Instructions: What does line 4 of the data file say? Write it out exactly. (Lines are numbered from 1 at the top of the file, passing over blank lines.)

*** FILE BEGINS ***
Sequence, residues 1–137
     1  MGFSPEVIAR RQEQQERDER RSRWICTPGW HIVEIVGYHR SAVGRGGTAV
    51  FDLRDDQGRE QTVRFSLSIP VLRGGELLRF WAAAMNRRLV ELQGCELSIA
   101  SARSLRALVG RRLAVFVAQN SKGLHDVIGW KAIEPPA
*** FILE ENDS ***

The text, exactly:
   101  SARSLRALVG RRLAVFVAQN SKGLHDVIGW KAIEPPA